As part of the work I like to do with clients (Rob talking!) I enjoy perusing weekly trading reports. It gives a much better insight into the way the ecommerce business is run within an organisation, what the focus is, and general performance. It all helps us drive better recommendations for where to take the site next in terms of optimisation, functionality and so on.

One of the things I often see that I like to be different is how average order value is reported. The very definition of this metric is the average, and averages can always be dangerous. In general we want a higher AOV, this is true. Often though, there can be several different AOVs to pay attention to, hidden in that one average.

For an average to be accurate we need to assume that the distribution of that average is ‘normal’. It looks a bit like this:

nd.png

The issue is that very few ecommerce sites have their orders spread beautifully and evenly around the AOV average. In fact this is quite rare. As a result, we should make sure that we know what this graph actually looks like for your site.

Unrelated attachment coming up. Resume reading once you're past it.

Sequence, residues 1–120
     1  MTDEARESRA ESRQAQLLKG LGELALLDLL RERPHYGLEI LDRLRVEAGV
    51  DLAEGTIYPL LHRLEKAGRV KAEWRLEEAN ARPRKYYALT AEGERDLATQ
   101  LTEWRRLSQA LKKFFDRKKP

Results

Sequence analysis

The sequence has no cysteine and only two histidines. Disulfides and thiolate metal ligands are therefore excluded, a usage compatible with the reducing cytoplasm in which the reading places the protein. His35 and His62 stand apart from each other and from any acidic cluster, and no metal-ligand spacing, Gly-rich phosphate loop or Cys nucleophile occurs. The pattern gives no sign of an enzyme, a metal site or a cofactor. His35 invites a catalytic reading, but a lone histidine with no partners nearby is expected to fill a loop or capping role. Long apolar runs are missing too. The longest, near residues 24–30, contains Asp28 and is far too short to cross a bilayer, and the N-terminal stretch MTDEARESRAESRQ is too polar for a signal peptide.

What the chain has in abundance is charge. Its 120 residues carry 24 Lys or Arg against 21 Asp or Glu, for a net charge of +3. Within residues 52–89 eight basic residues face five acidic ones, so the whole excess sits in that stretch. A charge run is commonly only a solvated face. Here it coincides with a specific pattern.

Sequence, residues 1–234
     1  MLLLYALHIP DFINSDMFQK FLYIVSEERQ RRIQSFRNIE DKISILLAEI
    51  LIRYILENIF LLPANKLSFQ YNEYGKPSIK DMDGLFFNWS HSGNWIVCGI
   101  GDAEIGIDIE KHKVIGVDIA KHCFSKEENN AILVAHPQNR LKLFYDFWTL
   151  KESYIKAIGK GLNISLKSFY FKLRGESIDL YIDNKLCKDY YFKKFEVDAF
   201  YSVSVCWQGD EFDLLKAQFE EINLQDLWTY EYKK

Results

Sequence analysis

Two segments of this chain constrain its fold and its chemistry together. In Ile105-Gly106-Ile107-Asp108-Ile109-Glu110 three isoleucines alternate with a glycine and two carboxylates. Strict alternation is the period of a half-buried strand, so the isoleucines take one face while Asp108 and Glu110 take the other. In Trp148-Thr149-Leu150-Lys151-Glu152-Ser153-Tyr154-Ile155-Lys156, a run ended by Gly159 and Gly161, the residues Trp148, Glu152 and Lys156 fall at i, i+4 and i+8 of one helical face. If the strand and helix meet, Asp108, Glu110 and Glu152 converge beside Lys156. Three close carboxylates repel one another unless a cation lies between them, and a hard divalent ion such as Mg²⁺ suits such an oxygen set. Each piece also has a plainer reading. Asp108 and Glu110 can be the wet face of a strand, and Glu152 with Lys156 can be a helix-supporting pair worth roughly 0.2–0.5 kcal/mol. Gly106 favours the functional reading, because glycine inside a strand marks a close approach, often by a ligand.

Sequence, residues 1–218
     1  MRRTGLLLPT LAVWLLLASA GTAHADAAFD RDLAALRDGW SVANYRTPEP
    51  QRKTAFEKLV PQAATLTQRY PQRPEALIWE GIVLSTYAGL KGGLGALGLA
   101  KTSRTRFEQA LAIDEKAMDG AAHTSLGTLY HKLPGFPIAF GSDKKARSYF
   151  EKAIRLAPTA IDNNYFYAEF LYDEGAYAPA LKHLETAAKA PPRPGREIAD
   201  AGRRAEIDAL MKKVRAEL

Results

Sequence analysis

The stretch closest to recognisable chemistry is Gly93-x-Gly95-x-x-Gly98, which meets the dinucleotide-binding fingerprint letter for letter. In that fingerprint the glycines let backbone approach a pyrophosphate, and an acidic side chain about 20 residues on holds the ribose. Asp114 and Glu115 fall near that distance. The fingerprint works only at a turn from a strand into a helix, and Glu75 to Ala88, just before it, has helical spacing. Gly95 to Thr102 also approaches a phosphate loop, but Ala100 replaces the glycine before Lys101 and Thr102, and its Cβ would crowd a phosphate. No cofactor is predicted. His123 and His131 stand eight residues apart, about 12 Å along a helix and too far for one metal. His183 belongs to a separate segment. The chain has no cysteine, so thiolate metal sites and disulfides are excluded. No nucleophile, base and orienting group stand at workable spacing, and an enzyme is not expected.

To do this, we need an order extract that just has the value of the order (preferably excluding shipping as this will also skew the results). Then, we want to pump that info into Excel to get the type of graph we have above. I imagine other tools like Tableau could be used to do a very similar thing. In effect you want to create a banded bar chart but with very small band sizes like £0 - £5, £5 - £10 and so on to really see the frequency across the range.

This simple video helps explain what I mean:

Once done, you can see whether your AOV is representative of how most of your customers order, or whether you’ll actually find you may have two very different and important types of order value to concentrate on (probably around your free delivery thresholds or promotional thresholds!)

Happy AOVing.

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